« Continue Browsing

e-mail article Print     e-mail article E-mail

By James Dulley, Published December 04 2009

Determine leak source before repairing doors

Dear Jim: Both my front and back doors are the original ones and are drafty. One is wood and one is steel. I would like to improve their efficiency without having to replace them. What should I do? – Maxwell F.

Dear Maxwell: Entry doors that were of reasonably good quality initially can often be repaired or even improved, but not always. Inspect each of the doors, particularly the wood door, carefully. Using a straight edge, check to see if the wood door is warped. If it is, it will probably have to be replaced.

Steel doors generally do not warp, but they can rust. Inspect the areas near the bottom where the weatherstripping attaches to the door. These areas tend to allow water to collect and are the first locations to rust. If you find rust, it can be repaired with automobile body filler, but replacing it is best.

Assuming your doors are not beyond repair, check for the sources of the air leakage. Often, the latch on the door is worn and it is not holding the door tightly enough against the weatherstripping. Push the door closed as tight as you can with your hand to see if the draft stops.

Check the condition on the latch plate to see if it is worn. If so, you can just replace it with a new one. If the deadbolt latch itself is worn, you may be able to reposition the latch plate in the frame. This requires using a chisel to remove some of the wood from the frame and then drilling two new holes to reattach it.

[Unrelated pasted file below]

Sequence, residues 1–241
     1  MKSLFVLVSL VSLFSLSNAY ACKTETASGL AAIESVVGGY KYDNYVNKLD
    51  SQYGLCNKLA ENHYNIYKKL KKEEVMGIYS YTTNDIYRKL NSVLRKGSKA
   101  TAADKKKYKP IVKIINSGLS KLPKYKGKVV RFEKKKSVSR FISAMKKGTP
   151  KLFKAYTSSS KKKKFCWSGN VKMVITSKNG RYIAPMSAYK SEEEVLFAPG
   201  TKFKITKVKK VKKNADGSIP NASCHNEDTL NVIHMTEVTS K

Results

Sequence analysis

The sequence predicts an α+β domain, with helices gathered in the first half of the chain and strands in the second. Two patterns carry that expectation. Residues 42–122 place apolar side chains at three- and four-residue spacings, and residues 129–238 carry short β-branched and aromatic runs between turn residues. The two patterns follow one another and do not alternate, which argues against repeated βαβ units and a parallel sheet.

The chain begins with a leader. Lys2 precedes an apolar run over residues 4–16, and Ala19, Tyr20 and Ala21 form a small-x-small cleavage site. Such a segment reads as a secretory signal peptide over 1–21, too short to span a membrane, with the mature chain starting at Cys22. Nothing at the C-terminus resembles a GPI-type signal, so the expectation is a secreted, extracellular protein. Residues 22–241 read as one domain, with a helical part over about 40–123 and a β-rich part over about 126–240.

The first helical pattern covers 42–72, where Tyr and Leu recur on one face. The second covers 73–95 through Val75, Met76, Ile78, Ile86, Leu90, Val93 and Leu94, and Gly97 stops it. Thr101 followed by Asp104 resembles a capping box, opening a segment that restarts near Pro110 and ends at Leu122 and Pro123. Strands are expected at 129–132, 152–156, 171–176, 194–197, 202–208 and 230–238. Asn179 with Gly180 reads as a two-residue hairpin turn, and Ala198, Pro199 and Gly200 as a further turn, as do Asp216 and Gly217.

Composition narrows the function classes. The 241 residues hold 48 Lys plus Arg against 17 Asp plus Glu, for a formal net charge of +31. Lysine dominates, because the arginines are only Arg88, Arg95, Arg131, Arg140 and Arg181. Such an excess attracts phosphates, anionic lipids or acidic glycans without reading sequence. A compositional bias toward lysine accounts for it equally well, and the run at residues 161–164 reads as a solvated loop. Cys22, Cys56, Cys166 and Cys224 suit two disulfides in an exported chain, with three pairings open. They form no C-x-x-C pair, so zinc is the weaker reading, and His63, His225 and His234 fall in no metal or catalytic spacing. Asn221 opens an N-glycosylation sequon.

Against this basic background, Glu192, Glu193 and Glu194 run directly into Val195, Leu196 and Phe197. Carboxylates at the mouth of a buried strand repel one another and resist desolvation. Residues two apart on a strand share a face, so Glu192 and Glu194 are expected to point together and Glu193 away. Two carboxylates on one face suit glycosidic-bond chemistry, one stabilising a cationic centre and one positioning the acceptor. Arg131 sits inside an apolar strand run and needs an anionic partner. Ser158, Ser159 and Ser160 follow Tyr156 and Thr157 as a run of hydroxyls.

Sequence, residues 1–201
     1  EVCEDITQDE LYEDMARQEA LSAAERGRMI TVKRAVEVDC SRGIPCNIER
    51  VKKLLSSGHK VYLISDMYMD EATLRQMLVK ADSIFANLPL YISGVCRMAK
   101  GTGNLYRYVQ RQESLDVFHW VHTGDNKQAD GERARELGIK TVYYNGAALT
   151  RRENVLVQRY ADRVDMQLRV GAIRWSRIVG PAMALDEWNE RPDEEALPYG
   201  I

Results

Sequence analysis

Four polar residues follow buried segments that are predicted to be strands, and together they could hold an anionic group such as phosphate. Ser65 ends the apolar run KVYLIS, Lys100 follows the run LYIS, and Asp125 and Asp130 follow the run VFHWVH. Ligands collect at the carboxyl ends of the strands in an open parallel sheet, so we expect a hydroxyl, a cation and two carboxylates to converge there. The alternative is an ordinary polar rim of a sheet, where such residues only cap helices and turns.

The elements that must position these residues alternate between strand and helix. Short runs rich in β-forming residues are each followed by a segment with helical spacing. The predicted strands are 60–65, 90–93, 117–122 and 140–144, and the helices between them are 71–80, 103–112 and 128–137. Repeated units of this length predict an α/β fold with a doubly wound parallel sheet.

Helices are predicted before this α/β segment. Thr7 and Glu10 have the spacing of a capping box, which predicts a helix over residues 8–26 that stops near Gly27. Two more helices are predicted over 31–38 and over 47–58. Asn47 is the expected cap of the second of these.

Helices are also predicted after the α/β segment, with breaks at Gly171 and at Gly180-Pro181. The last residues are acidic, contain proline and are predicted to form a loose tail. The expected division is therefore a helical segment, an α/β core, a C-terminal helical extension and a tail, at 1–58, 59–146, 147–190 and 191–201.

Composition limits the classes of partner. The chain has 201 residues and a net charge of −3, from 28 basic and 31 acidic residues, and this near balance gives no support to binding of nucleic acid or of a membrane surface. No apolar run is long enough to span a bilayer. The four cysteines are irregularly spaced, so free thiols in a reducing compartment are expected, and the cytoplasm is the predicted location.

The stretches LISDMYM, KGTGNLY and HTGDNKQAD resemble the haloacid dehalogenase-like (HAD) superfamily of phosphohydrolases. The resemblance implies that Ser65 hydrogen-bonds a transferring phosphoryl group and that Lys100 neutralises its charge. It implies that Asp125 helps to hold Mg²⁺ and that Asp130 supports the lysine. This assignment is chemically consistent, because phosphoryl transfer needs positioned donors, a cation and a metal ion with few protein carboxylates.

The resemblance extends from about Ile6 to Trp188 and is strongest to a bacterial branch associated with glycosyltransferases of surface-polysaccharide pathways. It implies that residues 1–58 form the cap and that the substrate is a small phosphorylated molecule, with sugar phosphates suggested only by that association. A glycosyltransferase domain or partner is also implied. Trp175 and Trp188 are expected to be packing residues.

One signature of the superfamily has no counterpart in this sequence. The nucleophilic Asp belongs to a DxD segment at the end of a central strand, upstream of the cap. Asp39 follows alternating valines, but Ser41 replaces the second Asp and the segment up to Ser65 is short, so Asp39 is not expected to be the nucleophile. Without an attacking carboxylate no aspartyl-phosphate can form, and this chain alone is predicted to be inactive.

Another option is to purchase an adjustable latch plate. This allows you to adjust how tight the door closes against the weatherstripping in the door frame. Several designs are available, but Mag Security makes one that is easy to install. It has two pieces. One piece is attached to the door frame. An adjustable second piece, which catches the door latch, attaches to the first piece.

Another common spot for air leakage is the threshold area between the door and the floor. The seal there gets worn down or just loses its resiliency over time and allows air through. Most threshold seals can be adjusted higher to seal against the door bottom. The screw heads may be filled with dirt and difficult to find, so clean it with a wire brush to find them.

Replacement threshold seals are available and easy to install. If the door opens over carpet, consider installing an automatic retractable seal. When the door opens, it releases a pin and the seal raises to clear the carpet. When the door closes into the frame, the seal is forced down again.

Check the condition of the hinges. If they are worn, the door will not hang squarely in the frame. This may create gaps around weatherstripping that is still in good condition. Although air likely is not leaking through any glass in the door, cover it with a piece of clear acrylic to create an insulating air gap.

The following companies offer door improvement products: Mag Security, (800) 624-9942, www.magsecurity.com; M-D Building Products, (800) 654-8454, www.mdteam.com; Pemko Manufacturing, (800) 283-9988, www.pemko.com; and Thermwell, (800) 526-5265, www.frostking.com.


Dear Jim: I just installed a new flapper valve in the toilet tank because the old one did not seal properly. Now I have to hold the flush lever down for a while to make it flush properly. What did I do wrong? – Steve H.

Dear Steve: This is not uncommon, and you probably installed it properly. It sounds as though you bought a water-saving flapper valve (fits in the tank bottom). These often require a slightly longer hold for flushing.

Also, check to make sure the chain connecting the flush lever to the flapper does not have excessive slack. Tighten it up if necessary. If the flapper has adjustable drain hole sizes, try different settings.


Send inquiries to James Dulley, The Forum of Fargo-Moorhead, 6906 Royalgreen Drive, Cincinnati, OH 45244, or visit www.dulley.com